Sunday, October 3, 2010

We Are No Different.

1:07 PM Posted by Patrick 1 comment
An item or service is worth what someone is willing to pay for it. The same is true of wage slaves.

The country is outraged by corporate greed and the incredible amounts of money made by CEOs and other high corporate officers. I am astounded too, but I am more astounded by the fact that people cannot understand why it happens.

Take Lebron James, if you know nothing about basketball, then the tens of millions that he makes are ridiculous. If, however, you do know basketball, then you already know the reason; he is the best and everyone wants him. The pay is competitive.

As for those who would argue that CEOs from companies that fail should have their pay confiscated, would they make the same argument for Kevin Garnett's stint in Minnesota? He was a constant MVP candidate and even won it one round and he made top dollar, but his team was still consistently at the bottom. Does a team failure mean that the star should never have been paid?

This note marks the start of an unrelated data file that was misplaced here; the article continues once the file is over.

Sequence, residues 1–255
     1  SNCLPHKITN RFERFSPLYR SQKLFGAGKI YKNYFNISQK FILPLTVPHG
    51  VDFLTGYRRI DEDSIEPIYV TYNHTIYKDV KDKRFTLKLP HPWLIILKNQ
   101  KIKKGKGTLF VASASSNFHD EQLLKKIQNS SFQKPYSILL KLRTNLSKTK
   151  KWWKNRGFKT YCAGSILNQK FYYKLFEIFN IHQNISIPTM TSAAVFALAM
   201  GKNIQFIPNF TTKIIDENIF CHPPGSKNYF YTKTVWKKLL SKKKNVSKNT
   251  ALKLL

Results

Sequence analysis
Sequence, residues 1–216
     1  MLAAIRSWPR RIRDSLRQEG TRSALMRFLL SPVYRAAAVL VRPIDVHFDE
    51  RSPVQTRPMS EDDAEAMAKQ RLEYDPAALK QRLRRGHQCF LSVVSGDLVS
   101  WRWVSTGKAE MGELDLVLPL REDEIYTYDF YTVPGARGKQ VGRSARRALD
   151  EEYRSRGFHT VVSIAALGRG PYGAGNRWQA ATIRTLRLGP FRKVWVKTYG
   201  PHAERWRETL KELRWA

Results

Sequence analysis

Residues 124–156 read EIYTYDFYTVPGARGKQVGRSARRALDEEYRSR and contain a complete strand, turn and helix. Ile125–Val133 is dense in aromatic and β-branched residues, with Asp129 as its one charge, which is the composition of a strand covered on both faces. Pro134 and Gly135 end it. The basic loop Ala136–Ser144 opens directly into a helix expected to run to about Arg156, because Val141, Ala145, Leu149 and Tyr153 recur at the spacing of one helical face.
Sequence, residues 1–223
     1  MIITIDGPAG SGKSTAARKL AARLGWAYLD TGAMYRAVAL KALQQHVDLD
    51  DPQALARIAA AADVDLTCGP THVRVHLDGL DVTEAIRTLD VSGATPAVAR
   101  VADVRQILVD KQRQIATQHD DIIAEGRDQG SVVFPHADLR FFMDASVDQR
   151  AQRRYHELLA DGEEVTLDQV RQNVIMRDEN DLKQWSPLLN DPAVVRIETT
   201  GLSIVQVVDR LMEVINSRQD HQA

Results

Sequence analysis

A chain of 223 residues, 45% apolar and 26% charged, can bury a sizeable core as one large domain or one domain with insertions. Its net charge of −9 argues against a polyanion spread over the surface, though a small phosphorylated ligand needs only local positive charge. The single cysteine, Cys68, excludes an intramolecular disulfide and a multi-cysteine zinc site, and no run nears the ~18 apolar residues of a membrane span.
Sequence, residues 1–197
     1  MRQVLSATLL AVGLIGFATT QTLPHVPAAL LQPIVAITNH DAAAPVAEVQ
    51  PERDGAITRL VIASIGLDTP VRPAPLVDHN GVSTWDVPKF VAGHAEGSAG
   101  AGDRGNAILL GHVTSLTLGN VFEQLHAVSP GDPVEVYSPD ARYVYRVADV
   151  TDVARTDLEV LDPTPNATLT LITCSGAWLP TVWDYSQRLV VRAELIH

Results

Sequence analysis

None of us could do the things that a CEO does. They have to be brilliant and charismatic, masters of grand scale business stratagem and relationships; they have to be creative, calm, and in control in exceedingly high stress environs; they have to be exceptional in a passel of areas where we wouldn't know where to begin and they have to keep it up for between 70-80 hours a week. You could not do what a CEO does anymore than you could do what Lebron James does; the same goes for me.

The board of directors of a company are always people with a firm vested interest in the company's success; they choose CEOs who they believe will increase the worth of their stock. And please, tell me, when was the last time you heard of a star player telling a team owner "no, don't pay me tens of millions of dollars, I don't really need that much."

Would you say no if someone offered you 20 million a year? Don't lie to me, and don't lie to yourself. We'd all take it, and we are really just jealous that we aren't the ones who get the offers.

1 comment:

  1. And actually, huge chunks of CEOs' compensation is generally tied to their performance in the form of stock options. They're thus held more accountable for results than athletes are.

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